Gender M/F n/n (% male)53/40 (57)169/72 (70)23/12 (66)90/49 (65)
Age, (years) mean ± SD41.1 ± 8.943.2 ± 8.248.1 ± 10.448.3 ± 8.0
Race, n (%)
 Caucasian68 (73)207 (86)28 (80)119 (86)
 African-American1 (1)4 (2)0 (0)2 (1)
 Asian or Pacific Islander15 (16)18 (7)5 (14)14 (10)
 Other9 (10)12 (5)2 (6)4 (3)
 Height (cm)170 ± 10172 ± 10168 ± 11171 ± 10
 Weight (kg)77 ± 1780 ± 1677 ± 1782 ± 17
 BMI, kg/m2; mean ± SD26.7 ± 4.326.9 ± 4.627.3 ± 5.028.0 ± 4.8
HCV genotype, n (%)
 10 (0)196 (81)0 (0)118 (85)
 2/391 (98)36 (15)35 (100)18 (13)
 Other2 (2)9 (4)0 (0)3 (2)
 HCV RNA >850 000 IU/mL n (%)39 (42)68 (28)12 (34)38 (27)
 HCV RNA >500 000 IU/mL n (%)52 (56)127 (53)21 (60)71 (51)
Histological diagnosis n (%)
 Bridging fibrosis0 (0)0 (0)19 (54)78 (56)
 Cirrhosis0 (0)0 (0)16 (46)61 (44)

Growth factors were permitted, but because of regional regulatory restrictions on their use, only a few sites in Quebec and Ontario used erythropoietin. In total 34 patients (7%) received erythropoietin.

Sustained virological response

The overall SVR rate by ITT analysis was 55% in non-cirrhotic patients, and 42% for cirrhotic (F3/F4) patients (Table 2). Only 14 patients (3% of the entire cohort) were not infected with genotypes 1, 2 or 3. Most of these were genotype 4, with some genotype 6 patients; the overall SVR in this group was 50%. Because these numbers are so small, and it remains unclear whether such patients’ antiviral responses are similar to patients with genotype 1 or 2/3,7 the remainder of the analysis is limited to our cohort with genotypes 1, 2 or 3.

Table 2.  Multiple logistic regression model: analysis of deviance
Predictive factorWald t-statistic P-value
  1. The Wald t-statistic is equal to the ratio of the coefficient from the model divided by its standard error.

  2. * Analysed as a continuous numeric variable.

Genotype (1 vs. 2/3)2.1400.032
Viral load*−2.0890.037
BMI*−1.6100.107
Weight*0.4100.682
Age*0.2240.823
Sex0.3340.738
Race−1.0940.274
Fibrosis*−3.0600.002
Genotype by viral load−2.3380.019
Genotype by body mass index0.7150.475
Genotype by weight−1.3640.173
Genotype by age−1.7260.084
Genotype by sex−1.1950.232
Genotype by race−0.2430.808
Genotype by fibrosis1.9140.056

In non-cirrhotic patients with genotypes 2/3, 24 or 48 weeks’ treatment produced similar SVR rates (79% and 72%). In non-cirrhotic genotype 1 patients treated for 48 weeks, the SVR rate was 41%.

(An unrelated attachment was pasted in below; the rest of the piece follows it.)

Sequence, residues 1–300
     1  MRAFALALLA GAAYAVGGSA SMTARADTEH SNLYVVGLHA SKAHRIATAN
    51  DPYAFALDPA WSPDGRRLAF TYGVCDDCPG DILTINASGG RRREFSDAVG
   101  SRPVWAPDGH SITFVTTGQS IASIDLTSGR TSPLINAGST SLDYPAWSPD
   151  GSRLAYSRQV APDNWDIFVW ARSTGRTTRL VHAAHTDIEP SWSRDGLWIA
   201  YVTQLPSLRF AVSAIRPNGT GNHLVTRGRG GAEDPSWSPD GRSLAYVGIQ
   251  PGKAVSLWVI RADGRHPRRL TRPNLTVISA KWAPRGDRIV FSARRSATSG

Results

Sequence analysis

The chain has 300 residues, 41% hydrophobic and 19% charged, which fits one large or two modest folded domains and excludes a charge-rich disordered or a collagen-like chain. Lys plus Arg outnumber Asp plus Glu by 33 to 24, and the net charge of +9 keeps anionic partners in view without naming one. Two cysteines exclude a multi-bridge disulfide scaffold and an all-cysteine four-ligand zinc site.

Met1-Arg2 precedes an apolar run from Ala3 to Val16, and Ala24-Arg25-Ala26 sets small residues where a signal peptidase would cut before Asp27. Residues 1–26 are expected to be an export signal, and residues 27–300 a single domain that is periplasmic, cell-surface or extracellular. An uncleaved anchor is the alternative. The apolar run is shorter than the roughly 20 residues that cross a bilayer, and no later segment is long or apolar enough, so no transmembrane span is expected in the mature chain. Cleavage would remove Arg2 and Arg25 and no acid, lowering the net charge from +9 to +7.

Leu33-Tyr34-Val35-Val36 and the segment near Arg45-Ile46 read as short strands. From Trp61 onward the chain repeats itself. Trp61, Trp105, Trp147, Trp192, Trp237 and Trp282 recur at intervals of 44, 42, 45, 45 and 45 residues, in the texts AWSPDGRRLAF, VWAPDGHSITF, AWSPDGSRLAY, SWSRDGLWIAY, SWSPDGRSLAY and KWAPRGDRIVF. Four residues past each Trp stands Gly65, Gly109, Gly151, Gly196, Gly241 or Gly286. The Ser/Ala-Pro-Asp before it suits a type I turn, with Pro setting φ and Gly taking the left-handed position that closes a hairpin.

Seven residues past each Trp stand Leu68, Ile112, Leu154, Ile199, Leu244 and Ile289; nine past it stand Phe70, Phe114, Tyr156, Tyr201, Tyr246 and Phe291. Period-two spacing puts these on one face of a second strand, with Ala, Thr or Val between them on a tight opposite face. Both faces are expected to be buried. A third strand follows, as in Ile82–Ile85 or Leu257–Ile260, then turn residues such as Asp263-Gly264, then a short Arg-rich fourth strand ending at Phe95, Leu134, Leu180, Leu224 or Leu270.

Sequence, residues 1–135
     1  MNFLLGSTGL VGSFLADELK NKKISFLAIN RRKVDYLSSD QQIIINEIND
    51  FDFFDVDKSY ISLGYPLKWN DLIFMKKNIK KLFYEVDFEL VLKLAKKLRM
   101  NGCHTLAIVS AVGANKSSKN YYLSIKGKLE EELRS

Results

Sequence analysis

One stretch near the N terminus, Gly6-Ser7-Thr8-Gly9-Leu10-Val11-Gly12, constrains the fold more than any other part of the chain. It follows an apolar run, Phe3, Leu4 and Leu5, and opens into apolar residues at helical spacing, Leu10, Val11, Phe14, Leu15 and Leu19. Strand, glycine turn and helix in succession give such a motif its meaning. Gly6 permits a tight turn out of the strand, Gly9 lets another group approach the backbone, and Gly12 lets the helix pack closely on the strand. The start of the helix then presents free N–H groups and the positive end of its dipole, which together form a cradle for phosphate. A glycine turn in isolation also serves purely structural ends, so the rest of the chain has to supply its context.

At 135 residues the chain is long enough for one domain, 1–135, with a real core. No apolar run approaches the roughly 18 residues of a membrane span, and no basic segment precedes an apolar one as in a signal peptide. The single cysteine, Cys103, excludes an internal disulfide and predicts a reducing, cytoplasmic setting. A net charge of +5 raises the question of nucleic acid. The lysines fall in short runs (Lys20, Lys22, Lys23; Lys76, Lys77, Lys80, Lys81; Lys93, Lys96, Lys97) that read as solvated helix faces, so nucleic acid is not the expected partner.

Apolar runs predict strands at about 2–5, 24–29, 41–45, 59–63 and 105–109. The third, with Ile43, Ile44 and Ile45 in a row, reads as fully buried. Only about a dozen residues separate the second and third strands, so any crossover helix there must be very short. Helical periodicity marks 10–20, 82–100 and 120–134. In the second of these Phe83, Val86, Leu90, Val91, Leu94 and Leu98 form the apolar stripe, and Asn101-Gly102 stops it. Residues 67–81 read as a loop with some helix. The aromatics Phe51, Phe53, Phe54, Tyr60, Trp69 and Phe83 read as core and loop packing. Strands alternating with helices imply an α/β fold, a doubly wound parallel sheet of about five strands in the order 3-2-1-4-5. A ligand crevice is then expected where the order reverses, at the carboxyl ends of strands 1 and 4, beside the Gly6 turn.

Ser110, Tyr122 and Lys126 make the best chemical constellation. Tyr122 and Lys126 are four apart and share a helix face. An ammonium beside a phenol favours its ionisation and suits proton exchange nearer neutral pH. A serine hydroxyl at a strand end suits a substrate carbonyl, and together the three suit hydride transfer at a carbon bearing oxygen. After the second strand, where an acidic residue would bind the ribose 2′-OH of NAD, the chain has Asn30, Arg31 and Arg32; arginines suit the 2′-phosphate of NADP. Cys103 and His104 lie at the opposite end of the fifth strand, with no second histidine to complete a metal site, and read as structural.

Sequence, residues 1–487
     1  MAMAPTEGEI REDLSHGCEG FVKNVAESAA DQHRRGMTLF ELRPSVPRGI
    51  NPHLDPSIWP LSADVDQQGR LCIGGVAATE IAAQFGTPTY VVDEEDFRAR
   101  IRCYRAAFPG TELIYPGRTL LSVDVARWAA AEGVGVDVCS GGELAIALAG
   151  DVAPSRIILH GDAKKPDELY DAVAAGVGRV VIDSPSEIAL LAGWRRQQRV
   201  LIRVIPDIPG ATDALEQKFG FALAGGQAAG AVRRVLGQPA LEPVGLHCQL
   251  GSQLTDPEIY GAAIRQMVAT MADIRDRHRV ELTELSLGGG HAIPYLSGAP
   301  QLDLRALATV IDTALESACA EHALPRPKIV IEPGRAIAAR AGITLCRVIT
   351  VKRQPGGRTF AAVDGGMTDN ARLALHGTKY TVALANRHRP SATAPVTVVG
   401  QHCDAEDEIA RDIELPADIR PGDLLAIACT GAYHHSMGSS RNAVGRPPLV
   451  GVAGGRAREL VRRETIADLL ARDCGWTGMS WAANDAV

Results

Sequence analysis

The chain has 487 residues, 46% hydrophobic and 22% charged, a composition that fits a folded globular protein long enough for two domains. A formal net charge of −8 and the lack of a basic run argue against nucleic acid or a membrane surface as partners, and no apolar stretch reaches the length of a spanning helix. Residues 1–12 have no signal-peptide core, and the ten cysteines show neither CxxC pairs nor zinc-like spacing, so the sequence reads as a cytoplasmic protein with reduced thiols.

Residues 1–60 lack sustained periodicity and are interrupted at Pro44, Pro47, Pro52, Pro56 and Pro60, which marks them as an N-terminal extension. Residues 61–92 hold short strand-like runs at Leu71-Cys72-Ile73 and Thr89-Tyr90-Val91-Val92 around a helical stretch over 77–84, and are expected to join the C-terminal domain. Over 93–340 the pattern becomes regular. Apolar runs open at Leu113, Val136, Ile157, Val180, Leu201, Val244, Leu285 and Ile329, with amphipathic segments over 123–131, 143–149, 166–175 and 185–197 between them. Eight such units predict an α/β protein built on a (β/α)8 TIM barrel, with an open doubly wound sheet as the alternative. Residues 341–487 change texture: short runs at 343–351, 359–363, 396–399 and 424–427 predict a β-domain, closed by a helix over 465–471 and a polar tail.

In cirrhotic genotype 2/3 patients, therapy for 24 weeks produced a statistically insignificant greater response rate (66%) than 48 weeks’ treatment (44%) (P = 0.15). In cirrhotic genotype 1 patients, an SVR of 34% was observed.

Predictability of response at week 12

Figures 2 and 3 show predictability of response based on week 12 EVR data. We used the standard definition of EVR as either an undetectable HCV RNA by qualitative PCR testing, or >2log10 drop compared with the baseline HCV RNA value.

Figure 2.

Week 12 predictability of response for patients with (bottom) and without cirrhosis (top). Patients in groups A (24-week treatment) and B (48-week treatment) were combined in this analysis. EVR, early virological response; NPV, negative predictive value.

Figure 3.

Week 12 predictability of response for patients with (a) hepatitis C virus (HCV) genotype 1 and (b) HCV genotype 2/3. Data presented for patients with and without cirrhosis.

Of 323 non-cirrhotic patients, EVR status was unknown in 14 patients. Of the remaining 309 patients, 83% overall had an EVR. Of these patients, 57% who had an EVR achieved a SVR, resulting in a positive predictive value (PPV) of 68%.

Of the non-cirrhotic genotype 1 patients, 74% had an EVR, with 42% going on to achieve SVR (PPV = 57%). Of non-cirrhotic genotype 2/3 patients, 96% had an EVR, with 78% going on to achieve SVR (PPV = 82%). Of the 53 non-cirrhotic patients who did not attain EVR, three (6%) achieved SVR (NPV = 94%). Subgroup analysis showed that all three of these patients were genotype 1 (from a total of 48 genotype 1 patients who did not have EVR) resulting in a NPV of 94% for genotype 1 patients without cirrhosis.

Of 171 cirrhotic patients, EVR status was unknown in seven patients. A total of 121 patients (74%) had an EVR, including 65% of those with genotype 1 and 94% of those with genotype 2/3. In total, 41% of cirrhotic patients who achieved an EVR had a SVR (PPV = 56%).

In total, 65% of genotype 1 cirrhotic patients had an EVR, with 33% going on to achieve SVR (PPV = 51%). Of genotype 2/3 cirrhotic patients, 94% had an EVR, with 60% going on to achieve SVR (PPV = 64%).

Of the 43 patients with cirrhosis who did not attain EVR, three (7%) achieved an SVR (NPV = 93%). Two of these patients were HCV genotype 1 (from a total of 40 genotype 1 patients who did not have an EVR) resulting in a NPV of 95% for HCV genotype 1 patients with cirrhosis.

Baseline factors predictive of sustained virological response

A multiple logistic regression model was used to identify the significant predictors of SVR. The analysis of deviance for the multiple logistic regression model is illustrated in Table 2. The Wald t-statistic is equal to the ratio of the coefficient from the model divided by its standard error; it should have a standard normal distribution under the null hypothesis. The model included terms to account for possible interactions between predictors [baseline viral load, body mass index (BMI), weight, age, sex, race, fibrosis score] and genotype and revealed the presence of significant effects of fibrosis score (P = 0.002), and genotype, viral load and their interaction (P = 0.032 for genotype 1 vs. 2/3, P = 0.037 for viral load, and P = 0.019 for their interaction.